Most owners add crash bars to protect the tank and plastic trim in case the bike tips over or you loose control of the bike. And no matter how careful or experienced you are, this will happen sooner or later. The Suzuki V-Strom is an adventure motorcycle but body and engine protection is very limited for any adventures on unpaved roads.
I used to have the Givi crash bars on my previous DL1000 and was happy with the quality and how they looked on the bike. They are easy to install with just a few basic tools. I dropped my V-Strom DL650 on a rocky trail once and gently laid it on its side when I lost my footing. The crash bars did their job and there were only a few small scratches on the bars and a few marks on the handle bar ends. The tank and rest of the motorcycle was not damaged at all. Any situation is different and it all depends on the speed and surface you drop the bike on so your results may vary.
In a slow turn on my DL1000, the engine bogged down a bit and I also had to lay the bike down on the asphalt. When a 500+ lbs motorcycle wants to lay down, it will after it gets going and you just can’t hold it anymore with one foot. All you can do is slow it down as much as you can and make sure your leg isn’t under the bike. Again, there were only a few small marks on the crash bar and the bike was undamaged. Crash bars are a lot less expensive than new body parts or tank. The picture below shows the standard DL1000 plastic engine protector and doesn’t provide protection like a skid plate does.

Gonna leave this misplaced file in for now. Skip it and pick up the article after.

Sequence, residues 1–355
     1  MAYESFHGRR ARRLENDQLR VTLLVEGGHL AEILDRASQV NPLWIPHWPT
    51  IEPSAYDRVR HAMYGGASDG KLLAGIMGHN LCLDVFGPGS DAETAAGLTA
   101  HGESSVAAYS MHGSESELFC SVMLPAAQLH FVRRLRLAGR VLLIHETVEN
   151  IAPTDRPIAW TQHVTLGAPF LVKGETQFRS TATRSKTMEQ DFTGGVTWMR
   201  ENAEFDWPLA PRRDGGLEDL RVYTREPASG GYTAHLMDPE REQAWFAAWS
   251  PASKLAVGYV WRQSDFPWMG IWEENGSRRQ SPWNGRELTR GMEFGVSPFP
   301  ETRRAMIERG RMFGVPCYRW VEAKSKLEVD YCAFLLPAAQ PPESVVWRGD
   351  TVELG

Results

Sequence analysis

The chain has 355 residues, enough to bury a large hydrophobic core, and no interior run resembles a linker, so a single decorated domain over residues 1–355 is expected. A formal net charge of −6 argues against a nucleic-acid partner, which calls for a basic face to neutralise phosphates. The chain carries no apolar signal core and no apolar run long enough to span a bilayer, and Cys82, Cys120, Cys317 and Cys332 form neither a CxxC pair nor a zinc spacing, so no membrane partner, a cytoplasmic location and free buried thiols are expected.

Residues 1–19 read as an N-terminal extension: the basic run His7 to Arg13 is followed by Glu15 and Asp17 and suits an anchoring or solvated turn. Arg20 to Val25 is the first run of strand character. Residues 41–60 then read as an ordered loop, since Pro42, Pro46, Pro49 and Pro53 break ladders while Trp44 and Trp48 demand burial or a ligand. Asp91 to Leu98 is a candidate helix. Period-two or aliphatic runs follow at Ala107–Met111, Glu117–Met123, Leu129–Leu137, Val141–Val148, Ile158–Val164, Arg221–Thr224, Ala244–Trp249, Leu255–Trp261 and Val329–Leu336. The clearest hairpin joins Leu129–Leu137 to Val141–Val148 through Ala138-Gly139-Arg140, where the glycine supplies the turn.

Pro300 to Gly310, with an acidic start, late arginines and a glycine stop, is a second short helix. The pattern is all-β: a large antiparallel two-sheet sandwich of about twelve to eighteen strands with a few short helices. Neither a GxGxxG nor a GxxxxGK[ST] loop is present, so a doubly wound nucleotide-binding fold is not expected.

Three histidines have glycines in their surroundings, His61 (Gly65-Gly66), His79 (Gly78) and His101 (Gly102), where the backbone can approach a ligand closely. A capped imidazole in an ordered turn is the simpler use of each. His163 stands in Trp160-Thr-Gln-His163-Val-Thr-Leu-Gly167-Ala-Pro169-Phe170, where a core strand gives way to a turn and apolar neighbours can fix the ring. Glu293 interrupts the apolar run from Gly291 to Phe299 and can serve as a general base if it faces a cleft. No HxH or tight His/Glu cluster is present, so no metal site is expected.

The skid plate and crash bars are essential equipment for any serious adventure biker and other riders. Besides the extra protection, it also greatly enhances the look and makes the whole bike look more rugged. Current prices for the engine protector is $185 for unfinished and $200 for the black powder coat. You will also need a hardware kit to mount to the crash bars. The skid plate attaches to Givi, Hepco Becker, SW-Motech and Happy Trails crash bars and the kit is $50.